Things I've Done That Make My Life Better

These are all very selfish, so sue me.  Readers who don’t like navel gazing should stop reading now and make sure not to gaze at their own navels.  Things I’ve done recently that have improved my life (brought to you by the word “shrill”):

  • Reading and listening to less politics, and when reading politics not responding to what appears to me to be an amazing lack of logic and/or grasp of the complexity of a situation.  I mean I enjoy political views that I don’t agree with, but only if they aren’t built of a tower of logical fallacies.   I’ve decided not to respond to or comment on a multitude of blogs, on all sides of the political spectrum, especially those that begin with the assumption that they are absolutely completely correct, and have the answers if only you’d just listen to their single solution.  It’s not that I don’t care about politics, it’s just that I don’t think what you have to say adds that much.  Sorry.
  • Learned a lot about graph isomorphism.  Did you know that one of the seminal contributors to understanding graph isomorphism algorithms, Boris Weisfeiler, went missing in Chile during 1984 under nefarious circumstances?
  • Tried to perform work that will be rejected.  This one has succeeded(!), though I can’t say I feel absolutely good about it.  But still it has made my life a bit better because I don’t feel guilty about not doing something a bit different.  I really really really like my recent papers, but referees differ in that opinion.  These referee’s have also taught me a lot about how I shouldn’t review papers, so I thank them very much!  I’ve also realized that quantum computing is now old enough to have curmudgeon reviewers from within the field.  Congrats, you’ve just made the field a lot less happy, Mr. Curmudgeon Reviewer, I hope you have a good time in your old age sitting in your air conditioned tenured position, counting your citations!
  • Read Born to Run: A Hidden Tribe, Superathletes, and the Greatest Race the World Has Never Seen, which, while it gets a little iffy in it’s breathless report of the science of barefoot running at the end and shows its magazine article roots, is a fun read about extreme running.
  • Not responded to blog comments in which the commenter remarks about how “X” has made the commenter so angry that they will “no longer be reading this blog.”  Okay, Mr. Angry Commentor, thank you for sharing, but is the world a better place with your comment?  Probably not.
  • Said “no” to reviews.  Yes, I am a bad citizen.  I’ve only reviewed something like 5 times the number of papers I’ve submitted.  I’ve decided I will only review papers that I feel I would be an excellent reviewer for the paper, not just a good one.  And, yes I am much less inclined to review a paper if it comes from a publisher who seems to be part of a journal system that is highly dysfunctional.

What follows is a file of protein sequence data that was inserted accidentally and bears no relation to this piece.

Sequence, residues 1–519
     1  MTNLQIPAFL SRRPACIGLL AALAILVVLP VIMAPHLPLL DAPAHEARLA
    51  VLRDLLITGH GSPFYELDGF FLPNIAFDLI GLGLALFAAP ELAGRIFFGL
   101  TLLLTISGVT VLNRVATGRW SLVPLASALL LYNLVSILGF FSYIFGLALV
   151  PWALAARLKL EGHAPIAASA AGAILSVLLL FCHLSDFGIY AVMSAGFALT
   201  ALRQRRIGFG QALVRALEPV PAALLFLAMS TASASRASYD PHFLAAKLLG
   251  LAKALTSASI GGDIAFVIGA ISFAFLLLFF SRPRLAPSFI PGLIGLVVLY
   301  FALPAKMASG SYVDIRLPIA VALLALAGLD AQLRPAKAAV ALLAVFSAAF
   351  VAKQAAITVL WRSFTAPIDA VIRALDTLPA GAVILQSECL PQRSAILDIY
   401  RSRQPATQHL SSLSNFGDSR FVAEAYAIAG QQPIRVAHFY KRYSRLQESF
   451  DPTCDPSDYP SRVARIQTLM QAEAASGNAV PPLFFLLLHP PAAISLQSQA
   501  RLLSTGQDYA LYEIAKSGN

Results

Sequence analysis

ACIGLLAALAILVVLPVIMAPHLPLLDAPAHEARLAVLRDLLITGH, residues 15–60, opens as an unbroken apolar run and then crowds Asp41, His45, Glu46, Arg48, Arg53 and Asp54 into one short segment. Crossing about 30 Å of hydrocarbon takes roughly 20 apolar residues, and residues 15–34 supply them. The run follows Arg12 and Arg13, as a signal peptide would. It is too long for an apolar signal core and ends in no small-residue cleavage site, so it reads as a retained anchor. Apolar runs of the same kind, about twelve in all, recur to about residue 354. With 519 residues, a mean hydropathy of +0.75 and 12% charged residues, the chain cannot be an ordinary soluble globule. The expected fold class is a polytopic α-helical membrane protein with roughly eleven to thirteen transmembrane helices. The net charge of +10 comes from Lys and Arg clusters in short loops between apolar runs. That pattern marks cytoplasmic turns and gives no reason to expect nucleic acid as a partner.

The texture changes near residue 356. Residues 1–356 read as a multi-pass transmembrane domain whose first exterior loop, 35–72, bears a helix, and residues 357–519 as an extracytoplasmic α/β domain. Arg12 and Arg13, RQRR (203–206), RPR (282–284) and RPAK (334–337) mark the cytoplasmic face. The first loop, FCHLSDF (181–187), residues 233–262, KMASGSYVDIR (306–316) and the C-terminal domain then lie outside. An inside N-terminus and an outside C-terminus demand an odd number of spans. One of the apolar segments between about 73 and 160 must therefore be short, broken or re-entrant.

• Taught myself Ruby.  Not hard to do, and lots of fun.  Next up is understanding Rails.  Plus I got to read Why’s (Poignant) Guide to Ruby, which I highly recommend.
  • Disconnected from news that isn’t really news.  It’s addicting listening to what passes for news these days, but I’d rather spend that time learning something outside the redundant reporting that is nearly entirely predictable from past news articles. Podcast provide a vastly more interesting audio distraction.
  • Expanded my ability to cook into new and exciting regimes.  I’ve now got a killer spinach salad, a out-of-this-world pork tenderloin with carmelized pears recipe, as well as some pretty good pizza mastered.  Next up: must learn how to produce outrageously good and spicy BBQ!
  • Spent lots of time with Baby Bacon, trying to pen down the points about life that are important, thinking hard about what I want to do in the future, and what positive moves I can act on going forward.  Yeah, I’m a touchy-feely  hippie guy.  So sue me 🙂

6 Replies to “Things I've Done That Make My Life Better”

  1. I recommend the new yorker fiction podcasts.
    If you don’t listen to them, then regretfully I will become angry and stop reading your blog.

  2. Tried to perform work that will be rejected.

    No need to even exert that much effort. Simply co-author a paper with me and you’re guaranteed to be rejected.

    Disconnected from news that isn’t really news.

    Good for you. Personally, I quite enjoy what the BBC puts out in the way of Podcasts. It makes my 80-minute commute much more tolerable and gives me any news that actually is important while leaving out all the drivel. Plus I genuinely learn something.

  3. Dave, this is a great topic, and a great list.
    Here is my contribution: (1) watch the Coen brothers A Serious Man (the lead character is a quantum physicist, yay!). (2) While you’re watching it, be aware that A Serious Man is *not* a retelling of the Book of Job … the critics were all wrong about that … but rather the Coen brothers have made … a zombie movie!
    As in *all* zombie movies, everyone in A Serious Man is either a fully-developed zombie (that is, a dybbuk), or else, is struggling to ardently to avoid becoming a zombie, or else, has given up in despair and is simply waiting to join the zombie horde.
    Importantly (for me), the Coen brothers have made a movie that has a good heart … and anyone who watches it will be motivated to struggle a little bit longer … against the zombie/dybbuk hordes!
    Think Casablanca … uh … with zombie/dybbuks instead of Nazis. 🙂
    Best … academia … quanta … judaica … Coen bros … zombie movie … ever!

  4. Bill Murray and Jeff Blum star in The Life Acquatic … yet another hilariously good-hearted science-themed movie …
    “Do student interns get their own Glocks?”
    “No, they have to share.”
     🙂 🙂 🙂

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